Exceptions

  1. People & places, like “John” or “Lithuania” are never preceded by “the” or “a/an”, except for the names of rivers, seas/oceans, canals, mountain ranges and people or places with a plural name, which are always preceded by “the”. Examples include “the Nile”, “the Atlantic”, “the Suez Canal”, “the Himalayas”, “the Netherlands” and “the Smiths”.
  2. Language names are never preceded by “the” or “a/an” – e.g. “I speak English”.
  3. Meal names are never preceded by “the” or “a/an” unless the meal name is preceded by an adjective – e.g. “I had breakfast” or “I had a big breakfast”.
  4. Career names (as opposed to the occupation name) are never preceded by “the” or “a/an” – e.g. “She is studying accountancy. When she is finished she will be an accountant.”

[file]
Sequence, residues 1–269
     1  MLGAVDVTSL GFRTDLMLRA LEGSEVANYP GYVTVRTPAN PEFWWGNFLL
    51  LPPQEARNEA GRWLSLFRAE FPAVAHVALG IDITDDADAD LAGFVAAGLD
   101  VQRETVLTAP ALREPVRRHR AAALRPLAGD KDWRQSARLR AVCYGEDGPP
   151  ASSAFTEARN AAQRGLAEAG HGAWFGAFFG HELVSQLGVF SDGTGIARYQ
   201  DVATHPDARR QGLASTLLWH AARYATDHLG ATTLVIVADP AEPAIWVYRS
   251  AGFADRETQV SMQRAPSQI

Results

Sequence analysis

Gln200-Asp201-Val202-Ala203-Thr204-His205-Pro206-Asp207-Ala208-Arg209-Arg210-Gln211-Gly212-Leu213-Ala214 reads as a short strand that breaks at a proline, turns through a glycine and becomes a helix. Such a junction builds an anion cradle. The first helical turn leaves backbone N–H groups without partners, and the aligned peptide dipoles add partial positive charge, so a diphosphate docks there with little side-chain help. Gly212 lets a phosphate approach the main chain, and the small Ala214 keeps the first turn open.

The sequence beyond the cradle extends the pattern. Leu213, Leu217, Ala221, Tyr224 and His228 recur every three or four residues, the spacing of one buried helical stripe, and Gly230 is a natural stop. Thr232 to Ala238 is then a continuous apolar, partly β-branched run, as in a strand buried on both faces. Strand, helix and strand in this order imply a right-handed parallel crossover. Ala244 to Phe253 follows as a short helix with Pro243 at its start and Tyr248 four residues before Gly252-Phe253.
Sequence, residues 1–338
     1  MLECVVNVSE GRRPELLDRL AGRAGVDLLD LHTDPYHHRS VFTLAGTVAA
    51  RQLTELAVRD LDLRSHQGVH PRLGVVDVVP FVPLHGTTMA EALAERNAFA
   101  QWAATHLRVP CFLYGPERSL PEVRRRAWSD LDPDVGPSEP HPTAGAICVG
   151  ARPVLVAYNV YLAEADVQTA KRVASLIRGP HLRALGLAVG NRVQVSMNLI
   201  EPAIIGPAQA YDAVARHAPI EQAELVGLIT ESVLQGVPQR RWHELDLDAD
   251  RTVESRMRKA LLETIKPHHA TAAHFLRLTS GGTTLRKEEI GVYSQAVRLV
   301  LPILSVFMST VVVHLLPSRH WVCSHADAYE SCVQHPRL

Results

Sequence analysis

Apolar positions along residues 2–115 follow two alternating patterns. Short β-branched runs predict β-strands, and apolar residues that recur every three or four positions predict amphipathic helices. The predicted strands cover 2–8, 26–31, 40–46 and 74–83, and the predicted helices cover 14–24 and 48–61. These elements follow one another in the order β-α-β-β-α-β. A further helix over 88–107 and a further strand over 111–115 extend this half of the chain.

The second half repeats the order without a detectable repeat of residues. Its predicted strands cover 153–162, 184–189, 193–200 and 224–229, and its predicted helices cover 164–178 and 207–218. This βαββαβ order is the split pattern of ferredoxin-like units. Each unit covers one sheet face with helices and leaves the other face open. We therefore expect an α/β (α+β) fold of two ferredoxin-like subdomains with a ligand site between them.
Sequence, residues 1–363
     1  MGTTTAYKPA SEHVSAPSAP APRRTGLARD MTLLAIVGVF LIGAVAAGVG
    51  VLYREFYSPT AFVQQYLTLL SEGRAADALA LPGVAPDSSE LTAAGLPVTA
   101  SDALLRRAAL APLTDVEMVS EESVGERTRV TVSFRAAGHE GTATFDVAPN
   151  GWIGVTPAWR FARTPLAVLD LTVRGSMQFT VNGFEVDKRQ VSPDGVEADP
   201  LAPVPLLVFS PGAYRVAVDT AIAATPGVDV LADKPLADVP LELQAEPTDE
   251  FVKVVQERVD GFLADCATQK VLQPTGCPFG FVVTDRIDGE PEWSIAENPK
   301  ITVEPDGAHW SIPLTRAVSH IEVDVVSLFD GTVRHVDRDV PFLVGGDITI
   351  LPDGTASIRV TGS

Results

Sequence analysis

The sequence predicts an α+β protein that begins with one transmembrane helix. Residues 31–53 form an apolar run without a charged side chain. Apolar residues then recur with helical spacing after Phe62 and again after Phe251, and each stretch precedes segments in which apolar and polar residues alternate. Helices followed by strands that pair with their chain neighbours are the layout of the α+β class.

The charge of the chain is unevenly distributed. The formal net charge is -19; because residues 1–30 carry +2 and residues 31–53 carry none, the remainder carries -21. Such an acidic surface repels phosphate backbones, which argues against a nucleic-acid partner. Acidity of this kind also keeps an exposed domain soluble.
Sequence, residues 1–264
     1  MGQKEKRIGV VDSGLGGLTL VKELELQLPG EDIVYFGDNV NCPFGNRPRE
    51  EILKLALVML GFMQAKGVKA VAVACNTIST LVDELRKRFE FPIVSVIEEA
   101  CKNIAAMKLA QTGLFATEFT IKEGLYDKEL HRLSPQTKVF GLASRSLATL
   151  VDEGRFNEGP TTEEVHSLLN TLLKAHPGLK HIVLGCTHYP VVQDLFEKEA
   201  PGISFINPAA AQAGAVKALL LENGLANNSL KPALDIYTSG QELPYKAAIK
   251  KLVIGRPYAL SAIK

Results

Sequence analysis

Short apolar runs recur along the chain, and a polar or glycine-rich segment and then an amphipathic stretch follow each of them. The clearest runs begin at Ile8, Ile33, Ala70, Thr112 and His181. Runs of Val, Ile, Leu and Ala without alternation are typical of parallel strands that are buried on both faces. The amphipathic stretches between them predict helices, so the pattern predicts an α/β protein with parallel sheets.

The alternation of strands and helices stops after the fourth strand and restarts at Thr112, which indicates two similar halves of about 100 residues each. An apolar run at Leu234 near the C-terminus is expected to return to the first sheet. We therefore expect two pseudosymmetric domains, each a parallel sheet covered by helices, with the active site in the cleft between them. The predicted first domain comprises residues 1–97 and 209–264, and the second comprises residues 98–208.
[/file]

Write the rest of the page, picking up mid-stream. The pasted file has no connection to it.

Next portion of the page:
5. With indefinite articles (“a/an”), uncountable nouns such as milk, rice, rain, etc., are treated as plural nouns, so you can say “I need to buy milk?” or “I need to buy some milk” but you cannot say “I need to buy a milk”.

NB: I plan to write a number of these blog posts over the coming weeks and months. My aim is to explain grammar rules as clearly and simply as possible. If you are still not clear on the rules for “a/an” and “the” having read the post, please let me know in the comments below and I will do my best to clarify. Also, if there are grammar topics you would like me to cover, please let me know in the comments or via email – I am happy to help!